There was a pass on the mule track from Kalimpong where someone at sometime had put up a sign asking "Is it nothing to ye who pass by?" How strange, how deeply moving those few puzzling words. For these muleteers and horse riding traders, who sat on beautifully worled saddles and rugs or rich brocades, what did the end of a long journey mean? Not that Christ died for them, as I learned was the answer to the conundrum, but that they had crossed river and barren plateau, climbed high passes and were about to arrive at their destination with its many attractions for those who normally enjoyed none. For me those words were an aching challenge. If only I could go the other way, over the dizzy Jelep La and Tsang Po to Lhasa. Gape at the Forbidden City, perhaps see the legendary Dalai Lama. Oh yes it meant much to me who came upon that gentle Christian enquiry. Praise the gods, praise the Lord, praise the heavens I was at so wondrous a spot, sitting by a forested trail with mist racing past and the tintinabulation of bells coming from somewhere down the trail muted by distance and trees. How glorious to be alive in so wonderful a world.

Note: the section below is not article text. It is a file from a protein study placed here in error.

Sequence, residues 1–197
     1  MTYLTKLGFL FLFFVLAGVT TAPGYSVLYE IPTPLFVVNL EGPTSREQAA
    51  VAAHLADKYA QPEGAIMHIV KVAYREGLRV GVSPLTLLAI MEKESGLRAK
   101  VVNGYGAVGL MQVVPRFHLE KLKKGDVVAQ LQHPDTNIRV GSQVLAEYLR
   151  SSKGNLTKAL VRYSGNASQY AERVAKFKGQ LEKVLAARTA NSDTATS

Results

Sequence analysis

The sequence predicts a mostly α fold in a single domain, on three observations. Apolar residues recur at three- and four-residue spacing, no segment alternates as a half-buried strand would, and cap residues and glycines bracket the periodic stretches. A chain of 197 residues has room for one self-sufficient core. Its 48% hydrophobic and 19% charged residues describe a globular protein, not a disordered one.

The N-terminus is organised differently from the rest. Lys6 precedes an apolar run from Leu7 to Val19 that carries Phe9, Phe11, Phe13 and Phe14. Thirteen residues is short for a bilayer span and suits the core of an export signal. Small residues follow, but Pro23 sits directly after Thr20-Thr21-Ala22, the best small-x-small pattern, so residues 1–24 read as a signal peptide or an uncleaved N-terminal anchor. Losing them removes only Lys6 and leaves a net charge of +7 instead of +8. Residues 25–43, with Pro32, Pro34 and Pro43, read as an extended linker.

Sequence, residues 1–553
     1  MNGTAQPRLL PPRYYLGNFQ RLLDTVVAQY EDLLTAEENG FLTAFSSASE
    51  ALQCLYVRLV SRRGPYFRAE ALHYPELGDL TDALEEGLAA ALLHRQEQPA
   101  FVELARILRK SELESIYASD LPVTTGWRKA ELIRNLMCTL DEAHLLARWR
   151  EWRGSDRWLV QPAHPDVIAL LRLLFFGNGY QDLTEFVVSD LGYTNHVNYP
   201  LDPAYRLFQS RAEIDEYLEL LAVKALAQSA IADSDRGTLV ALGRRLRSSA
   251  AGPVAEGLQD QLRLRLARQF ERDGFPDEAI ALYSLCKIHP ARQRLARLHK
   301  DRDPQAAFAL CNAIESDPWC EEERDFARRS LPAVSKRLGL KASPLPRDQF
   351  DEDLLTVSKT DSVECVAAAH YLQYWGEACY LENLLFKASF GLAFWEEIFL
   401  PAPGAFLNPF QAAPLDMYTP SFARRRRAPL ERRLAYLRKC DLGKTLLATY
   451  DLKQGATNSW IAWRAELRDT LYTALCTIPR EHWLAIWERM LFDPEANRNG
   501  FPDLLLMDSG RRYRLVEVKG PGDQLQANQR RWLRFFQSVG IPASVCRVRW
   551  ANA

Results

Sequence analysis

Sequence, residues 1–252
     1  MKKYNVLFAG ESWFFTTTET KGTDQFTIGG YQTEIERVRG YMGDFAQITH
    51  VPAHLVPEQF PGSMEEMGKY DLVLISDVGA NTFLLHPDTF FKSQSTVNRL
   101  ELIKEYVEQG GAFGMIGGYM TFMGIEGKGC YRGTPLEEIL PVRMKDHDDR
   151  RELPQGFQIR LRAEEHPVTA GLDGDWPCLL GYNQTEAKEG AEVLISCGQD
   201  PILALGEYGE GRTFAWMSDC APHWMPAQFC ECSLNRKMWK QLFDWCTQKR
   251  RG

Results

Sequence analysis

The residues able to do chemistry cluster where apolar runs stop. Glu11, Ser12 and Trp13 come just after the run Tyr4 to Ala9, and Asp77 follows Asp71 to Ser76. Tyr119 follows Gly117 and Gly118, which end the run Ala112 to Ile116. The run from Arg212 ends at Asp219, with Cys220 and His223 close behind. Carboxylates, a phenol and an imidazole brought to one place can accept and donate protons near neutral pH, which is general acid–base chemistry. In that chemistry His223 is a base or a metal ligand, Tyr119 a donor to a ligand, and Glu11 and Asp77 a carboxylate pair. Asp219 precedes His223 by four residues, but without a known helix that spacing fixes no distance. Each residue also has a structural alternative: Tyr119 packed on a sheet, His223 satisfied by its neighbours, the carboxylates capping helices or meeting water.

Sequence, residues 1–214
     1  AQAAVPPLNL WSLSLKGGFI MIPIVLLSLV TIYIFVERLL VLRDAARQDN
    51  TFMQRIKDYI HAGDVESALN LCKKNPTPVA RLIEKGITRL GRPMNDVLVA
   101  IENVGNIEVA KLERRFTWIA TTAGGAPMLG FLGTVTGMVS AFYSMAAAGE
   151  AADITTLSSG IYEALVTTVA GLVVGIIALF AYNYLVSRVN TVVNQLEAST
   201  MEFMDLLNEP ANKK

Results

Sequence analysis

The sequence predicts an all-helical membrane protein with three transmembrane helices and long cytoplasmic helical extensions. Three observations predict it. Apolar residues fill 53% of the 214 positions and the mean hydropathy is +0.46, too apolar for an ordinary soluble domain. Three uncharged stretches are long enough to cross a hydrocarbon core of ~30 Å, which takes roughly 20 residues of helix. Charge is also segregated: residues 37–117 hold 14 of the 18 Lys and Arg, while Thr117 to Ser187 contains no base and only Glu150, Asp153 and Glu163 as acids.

Desmond Doig, 'A Bus to Gangtok', Look Back in Wonder (New Delhi: HarperCollins, 1995), p.21.